There is zero argument that Orioles left-hander Zach Britton would be a perfect fit in the Dodgers bullpen, but at what cost? (Photo courtesy of the Baltimore Sun)

As for landing that potential true number three starter (or a number two starter if you want a right-hander in between Kershaw and Wood), there are, quite frankly very few (if any) currently out there. And here again, even a sort of number two-ish pitcher would take a huge toll on the Dodgers farm system for what, in many cases, might only amount to a half-season rental. Then again, this is exactly how the Dodgers landed Rich Hill and several other guys in the recent past who they later re-signed to contract extensions.

The bottom line is that it is very difficult to believe that the Dodgers will do nothing in the coming weeks. But as the great Bill Veeck (as in wreck) once said, “Sometimes the best trades are the ones you don’t make

 

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7 Responses to “Do the Dodgers really need to make a move?”

  1. Bluenose Dodger says:

    Zach Britton is interesting but becomes less interesting when we consider he has pitched only 12innings in 2017 spending most of the season the DL. If healthy he could be the missing piece and would also command a boatload of prospects in return.

    • Evan Bladh says:

      “IF” healthy is the concern. Forearm injuries shouldn’t be taken lightly, we know that.

      • Ron Cervenka says:

        Both GM’s were interviewed on MLB Network Radio after the trade. Both feel that they got what they needed, with the White Sox acknowledging that they are rebuilding and may add more pieces before the deadline.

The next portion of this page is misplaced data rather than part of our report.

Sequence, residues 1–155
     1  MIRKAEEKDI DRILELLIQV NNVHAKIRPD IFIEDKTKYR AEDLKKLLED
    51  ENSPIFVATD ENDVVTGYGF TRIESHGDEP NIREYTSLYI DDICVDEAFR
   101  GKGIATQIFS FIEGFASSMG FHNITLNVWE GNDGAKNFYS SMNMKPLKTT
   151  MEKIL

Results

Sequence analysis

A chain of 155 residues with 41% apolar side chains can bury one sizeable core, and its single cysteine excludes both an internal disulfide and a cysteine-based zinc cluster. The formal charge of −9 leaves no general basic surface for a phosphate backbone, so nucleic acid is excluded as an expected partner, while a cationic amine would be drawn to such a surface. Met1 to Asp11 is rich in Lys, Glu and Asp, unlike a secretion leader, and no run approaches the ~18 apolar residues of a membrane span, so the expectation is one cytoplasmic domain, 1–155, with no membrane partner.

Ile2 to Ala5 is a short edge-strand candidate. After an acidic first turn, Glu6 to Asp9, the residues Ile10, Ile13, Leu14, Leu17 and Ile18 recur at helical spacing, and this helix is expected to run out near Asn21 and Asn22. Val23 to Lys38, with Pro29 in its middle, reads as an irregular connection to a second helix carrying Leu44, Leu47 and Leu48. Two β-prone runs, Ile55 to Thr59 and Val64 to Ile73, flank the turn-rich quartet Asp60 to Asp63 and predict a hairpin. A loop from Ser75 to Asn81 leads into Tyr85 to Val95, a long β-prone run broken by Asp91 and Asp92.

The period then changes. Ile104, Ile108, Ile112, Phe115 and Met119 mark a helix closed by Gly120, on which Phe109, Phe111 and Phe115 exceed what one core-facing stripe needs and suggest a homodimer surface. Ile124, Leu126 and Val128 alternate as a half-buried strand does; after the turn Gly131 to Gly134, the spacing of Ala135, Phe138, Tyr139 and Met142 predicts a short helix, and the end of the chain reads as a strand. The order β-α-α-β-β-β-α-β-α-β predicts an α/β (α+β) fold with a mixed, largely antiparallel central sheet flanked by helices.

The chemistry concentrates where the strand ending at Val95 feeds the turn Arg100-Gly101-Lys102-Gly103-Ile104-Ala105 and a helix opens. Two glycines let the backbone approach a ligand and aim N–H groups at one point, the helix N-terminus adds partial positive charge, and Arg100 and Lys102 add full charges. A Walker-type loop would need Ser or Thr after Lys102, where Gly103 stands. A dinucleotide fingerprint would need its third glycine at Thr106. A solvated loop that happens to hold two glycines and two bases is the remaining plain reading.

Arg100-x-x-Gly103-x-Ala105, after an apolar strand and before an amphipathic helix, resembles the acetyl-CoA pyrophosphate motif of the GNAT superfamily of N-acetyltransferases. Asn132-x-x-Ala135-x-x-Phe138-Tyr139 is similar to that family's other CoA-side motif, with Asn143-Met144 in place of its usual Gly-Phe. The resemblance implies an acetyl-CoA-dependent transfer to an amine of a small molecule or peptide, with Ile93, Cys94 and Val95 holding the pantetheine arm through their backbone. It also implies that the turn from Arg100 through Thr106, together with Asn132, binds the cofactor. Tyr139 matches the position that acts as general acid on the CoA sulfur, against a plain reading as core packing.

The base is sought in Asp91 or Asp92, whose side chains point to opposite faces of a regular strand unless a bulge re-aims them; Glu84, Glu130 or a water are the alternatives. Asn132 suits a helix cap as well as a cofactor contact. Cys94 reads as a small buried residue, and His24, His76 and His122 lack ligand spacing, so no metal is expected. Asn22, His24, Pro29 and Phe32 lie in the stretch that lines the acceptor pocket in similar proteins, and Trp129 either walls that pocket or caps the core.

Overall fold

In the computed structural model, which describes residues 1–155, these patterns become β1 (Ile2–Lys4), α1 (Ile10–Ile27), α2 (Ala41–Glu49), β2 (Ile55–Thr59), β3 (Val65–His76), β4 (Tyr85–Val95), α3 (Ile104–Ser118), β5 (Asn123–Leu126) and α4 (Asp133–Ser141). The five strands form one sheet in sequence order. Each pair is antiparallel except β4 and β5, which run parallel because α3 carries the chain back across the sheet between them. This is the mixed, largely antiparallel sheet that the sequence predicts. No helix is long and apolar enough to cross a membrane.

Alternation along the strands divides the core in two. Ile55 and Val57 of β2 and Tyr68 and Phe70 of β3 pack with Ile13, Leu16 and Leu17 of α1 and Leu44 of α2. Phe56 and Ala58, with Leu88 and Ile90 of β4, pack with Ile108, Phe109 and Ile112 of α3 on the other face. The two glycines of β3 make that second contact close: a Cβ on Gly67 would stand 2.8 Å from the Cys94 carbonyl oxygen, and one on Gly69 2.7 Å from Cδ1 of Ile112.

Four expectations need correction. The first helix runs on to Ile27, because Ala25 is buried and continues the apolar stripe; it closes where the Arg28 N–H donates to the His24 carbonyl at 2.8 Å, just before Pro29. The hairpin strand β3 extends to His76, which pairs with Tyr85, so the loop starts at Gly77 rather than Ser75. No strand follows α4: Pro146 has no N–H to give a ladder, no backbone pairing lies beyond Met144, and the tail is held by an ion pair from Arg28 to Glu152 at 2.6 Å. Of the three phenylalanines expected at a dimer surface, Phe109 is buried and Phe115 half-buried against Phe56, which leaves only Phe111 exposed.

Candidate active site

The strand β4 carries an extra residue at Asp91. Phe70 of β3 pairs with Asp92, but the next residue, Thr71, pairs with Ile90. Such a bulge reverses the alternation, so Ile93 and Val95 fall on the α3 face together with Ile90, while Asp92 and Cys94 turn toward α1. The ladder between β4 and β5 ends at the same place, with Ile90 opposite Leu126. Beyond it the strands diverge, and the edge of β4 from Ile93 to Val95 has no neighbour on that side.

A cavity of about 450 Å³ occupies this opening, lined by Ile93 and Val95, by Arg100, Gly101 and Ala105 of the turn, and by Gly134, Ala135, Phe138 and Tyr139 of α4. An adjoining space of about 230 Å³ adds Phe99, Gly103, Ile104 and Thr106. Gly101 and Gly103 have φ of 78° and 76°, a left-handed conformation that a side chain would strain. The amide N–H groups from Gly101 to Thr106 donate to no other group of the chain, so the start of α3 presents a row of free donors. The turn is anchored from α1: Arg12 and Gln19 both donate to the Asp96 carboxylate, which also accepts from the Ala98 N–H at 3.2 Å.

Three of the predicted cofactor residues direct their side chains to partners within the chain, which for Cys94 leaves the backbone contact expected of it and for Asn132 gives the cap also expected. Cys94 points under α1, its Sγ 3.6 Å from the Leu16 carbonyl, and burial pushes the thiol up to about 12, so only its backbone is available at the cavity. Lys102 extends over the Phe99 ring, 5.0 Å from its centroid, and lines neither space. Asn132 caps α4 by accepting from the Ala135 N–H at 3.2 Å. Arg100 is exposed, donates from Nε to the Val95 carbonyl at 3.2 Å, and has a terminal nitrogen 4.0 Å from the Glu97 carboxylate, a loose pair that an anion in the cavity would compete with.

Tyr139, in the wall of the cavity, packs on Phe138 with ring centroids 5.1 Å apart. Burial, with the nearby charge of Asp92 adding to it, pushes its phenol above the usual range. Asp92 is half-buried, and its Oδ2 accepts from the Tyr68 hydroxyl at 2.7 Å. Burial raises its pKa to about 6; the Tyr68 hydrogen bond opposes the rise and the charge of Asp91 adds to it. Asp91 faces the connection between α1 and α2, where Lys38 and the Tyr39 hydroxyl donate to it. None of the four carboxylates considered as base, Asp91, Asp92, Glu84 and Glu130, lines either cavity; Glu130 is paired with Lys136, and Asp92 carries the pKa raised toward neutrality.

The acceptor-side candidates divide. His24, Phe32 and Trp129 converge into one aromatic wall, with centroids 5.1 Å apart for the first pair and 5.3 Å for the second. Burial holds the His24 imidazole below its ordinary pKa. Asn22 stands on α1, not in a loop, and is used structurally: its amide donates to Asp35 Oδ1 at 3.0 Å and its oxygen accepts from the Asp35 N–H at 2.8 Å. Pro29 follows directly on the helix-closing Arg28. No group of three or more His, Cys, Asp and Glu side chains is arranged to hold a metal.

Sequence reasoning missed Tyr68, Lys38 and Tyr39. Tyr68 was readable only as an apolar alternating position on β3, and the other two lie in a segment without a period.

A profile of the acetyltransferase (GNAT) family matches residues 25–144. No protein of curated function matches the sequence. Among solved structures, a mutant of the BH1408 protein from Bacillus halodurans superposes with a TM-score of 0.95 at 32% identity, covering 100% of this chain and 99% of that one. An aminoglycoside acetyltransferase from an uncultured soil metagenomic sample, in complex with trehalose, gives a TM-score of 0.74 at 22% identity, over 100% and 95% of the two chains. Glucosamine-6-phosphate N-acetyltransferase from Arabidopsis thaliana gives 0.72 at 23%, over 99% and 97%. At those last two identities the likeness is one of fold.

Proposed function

The Cubs are 100% convinced that with Quintana in the rotation AND with Arrieta and Kendrick getting back to the 2016 form, they will be fine.

        Sorry Jed … it ain’t gonna happen. Only 107 to go.

  2. Evan Bladh says:

    The Cubs must be fairly confident about their ability to mount a second half comeback since they have unloaded their farm system for Quintana. I sure hope it back fires on them. Epstein must believe that his Major League club is stocked fine for the next several years to essentially mortgage their future on that one arm. A risky move in my opinion.

  3. CruzinBlue says:

    I’m sorry, but I need to go off topic here;

    Vin Scully!!!

    That man ALWAYS knows what to say…

    *******************************************

    If the Dodgers can’t find it in trade, then they probably already have a piece waiting in the wings. Window-shop the AAA and AA teams, pick a winner, and save a bunch of prospects and/or cash while avoiding the dreaded rent-a-player.

    And as Evan mentioned, kudos to the Cubbies for draining their talent pool. The White Sox have something to look forward to in the coming years.

  4. porch says:

    Wood wasn’t a rental. He came with team control which he’s still under. If the Dodgers unload for a starter I only want someone like Wood that offers long term help too. Other than that they don’t really need a starter. They have plenty of depth to get through the regular season and you only need four at the most during the playoffs. Based on what’s on the market there is no clear upgrade that they can obtain.

    Now I would love for them to add a bullpen piece. 2016 Britton would be awesome but the 2017 version scares the shit out of me and giving up prospects for. The elbow seems like a ticking time bomb. I trust the front office will make a proper evaluation though. Justin Wilson seems like a good get that hopefully won’t break the bank. Friedman recently said on the radio that they are very comfortable with where the team is right now as compared to previous years where they had actual needs. He said they will only be making deals if it’s a SIGNIFICANT upgrade to the team. Also the Orioles were not in the World Series last year.